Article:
Later, in a follow-up interview with Our Sunday Visitor on June 29, 2015, Archbishop Kurtz stressed the Church’s view of marriage as a sacrament, that is, “an efficacious sign of and participation in the very mystery of Christ and the Church…and sexual difference is essential.” At the same time, he also acknowledged that the Church has “perhaps not done enough to teach the beauty of marriage and the purpose and inherent design of family life.”

For more resources and/or to see what other bishops across the United States have said about the Supreme Court decision legalizing same-sex marriage, visit the USCCB website

The Impact on Religious Liberty

The decision to legalize same-sex marriage might very well have significant consequences for religious liberty.  Justice Kennedy did attempt to assuage any concern in the majority opinion by citing the First Amendment’s protection of religious organizations and persons. However, in his dissent, Chief Justice Roberts questioned what might happen when people of faith exercise religion in ways that may conflict with the right to same-sex marriage (for example, a religious adoption agency declining to place a child with same-sex couples).  He concluded that “people of faith can take no comfort in the treatment they receive from the majority (opinion) today.” 

Archbishop Kurtz suggested in his interview that the Church “will face greater pressure now to mute our voices… [as] the freedom to run our ministries and participate in the public square while holding to the teachings of Jesus will likely be challenged.” He went on to note that “new legal requirements could threaten the life and work of the Church as well as other religious institutions and individuals of faith.”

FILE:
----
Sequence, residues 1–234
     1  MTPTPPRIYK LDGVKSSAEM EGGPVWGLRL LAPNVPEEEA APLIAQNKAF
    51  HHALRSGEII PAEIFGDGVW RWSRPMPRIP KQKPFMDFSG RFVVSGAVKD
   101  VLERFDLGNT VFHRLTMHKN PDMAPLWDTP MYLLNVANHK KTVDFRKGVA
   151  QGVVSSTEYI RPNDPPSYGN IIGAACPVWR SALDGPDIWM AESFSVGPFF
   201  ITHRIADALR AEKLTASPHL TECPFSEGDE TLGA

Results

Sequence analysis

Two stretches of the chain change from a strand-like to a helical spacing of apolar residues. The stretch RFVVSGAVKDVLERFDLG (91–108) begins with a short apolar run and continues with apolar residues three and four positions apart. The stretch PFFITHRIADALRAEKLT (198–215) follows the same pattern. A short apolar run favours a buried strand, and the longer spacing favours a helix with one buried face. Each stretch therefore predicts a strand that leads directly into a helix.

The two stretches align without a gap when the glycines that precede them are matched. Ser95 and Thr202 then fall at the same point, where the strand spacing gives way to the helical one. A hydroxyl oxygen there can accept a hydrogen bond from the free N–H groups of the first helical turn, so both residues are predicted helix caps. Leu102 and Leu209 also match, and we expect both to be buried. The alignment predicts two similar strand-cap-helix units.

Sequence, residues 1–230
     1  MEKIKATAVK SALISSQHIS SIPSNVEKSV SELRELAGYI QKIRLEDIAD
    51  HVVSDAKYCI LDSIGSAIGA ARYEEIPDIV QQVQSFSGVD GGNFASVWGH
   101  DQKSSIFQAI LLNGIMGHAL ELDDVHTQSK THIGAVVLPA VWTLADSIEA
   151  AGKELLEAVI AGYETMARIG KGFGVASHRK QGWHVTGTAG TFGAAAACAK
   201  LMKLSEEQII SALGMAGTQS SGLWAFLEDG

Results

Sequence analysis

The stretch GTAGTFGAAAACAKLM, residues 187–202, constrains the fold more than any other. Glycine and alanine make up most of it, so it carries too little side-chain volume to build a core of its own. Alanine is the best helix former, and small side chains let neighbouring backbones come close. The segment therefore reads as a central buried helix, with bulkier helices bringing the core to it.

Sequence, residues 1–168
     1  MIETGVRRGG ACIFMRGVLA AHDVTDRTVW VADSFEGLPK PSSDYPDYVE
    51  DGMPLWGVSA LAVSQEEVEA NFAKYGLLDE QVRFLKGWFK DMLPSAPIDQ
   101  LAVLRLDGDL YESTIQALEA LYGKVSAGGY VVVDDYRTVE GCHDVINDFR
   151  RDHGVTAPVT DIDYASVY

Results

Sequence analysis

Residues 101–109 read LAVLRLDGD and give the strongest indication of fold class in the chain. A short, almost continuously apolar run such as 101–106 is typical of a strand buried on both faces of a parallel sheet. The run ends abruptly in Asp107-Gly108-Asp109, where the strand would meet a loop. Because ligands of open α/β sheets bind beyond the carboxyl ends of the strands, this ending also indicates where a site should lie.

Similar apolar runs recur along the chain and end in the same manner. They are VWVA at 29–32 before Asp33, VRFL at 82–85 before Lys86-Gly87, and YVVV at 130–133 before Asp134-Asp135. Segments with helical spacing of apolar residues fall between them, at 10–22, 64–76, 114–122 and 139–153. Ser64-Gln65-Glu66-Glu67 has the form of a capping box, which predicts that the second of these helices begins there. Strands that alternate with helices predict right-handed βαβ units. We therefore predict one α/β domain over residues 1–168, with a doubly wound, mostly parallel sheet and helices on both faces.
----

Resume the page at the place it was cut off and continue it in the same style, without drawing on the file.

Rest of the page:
The 14th  Amendment was ratified on July 9, 1868, during the Reconstruction era. Its overall goal was to safeguard the Civil Rights Act of 1866 which ensured that all citizens be given “full and equal benefit of all laws.”

Four principles were asserted in the Amendment:

  1. State and federal citizenship for all persons regardless of race, those born or naturalized in the United States, was reaffirmed.
  2. No state would be allowed to abridge the “privileges and immunities” of citizens.
  3. No person was allowed to be deprived of life, liberty or property without “due process of law.”
  4. No person could be denied “equal protection of the laws.”

Source: Martin Kelly


The Majority Opinion:

Justice Anthony Kennedy (Roman Catholic)

Justice Soni Sotomayor (Roman Catholic)

Justice Ruth Bader Ginsburg (Jewish)

Justice Elena Kagan (Jewish)

Justice Stephen Breyer (Jewish)

The Dissenting Justices:

Chief Justice John Roberts (Roman Catholic)

Justice Antonin Scalia (Roman Catholic)

Justice Clarence Thomas (Roman Catholic)

Justice Samuel Alito (Roman Catholic)


“The ancient origins of marriage confirm its centrality, but it has not stood in isolation from developments in law and society. The history of marriage is one of both conti­nuity and change. That institution—even as confined to opposite-sex relations—has evolved over time.”

“The right to marry is fundamental as a matter of history and tradition, but rights come not from ancient sources alone. They rise, too, from a better informed understand­ing of how constitutional imperatives define a liberty that remains urgent in our own era. Many who deem same-sex marriage to be wrong reach that conclusion based on decent and honorable religious or philosophical premises, and neither they nor their beliefs are disparaged here. But when that sincere, personal opposition becomes en- acted law and public policy, the necessary consequence is to put the imprimatur of the State itself on an exclusion that soon demeans or stigmatizes those whose own liberty is then denied. Under the Constitution, same-sex couples seek in marriage the same legal treatment as opposite-sex couples, and it would disparage their choices and diminish their personhood to deny them this right.”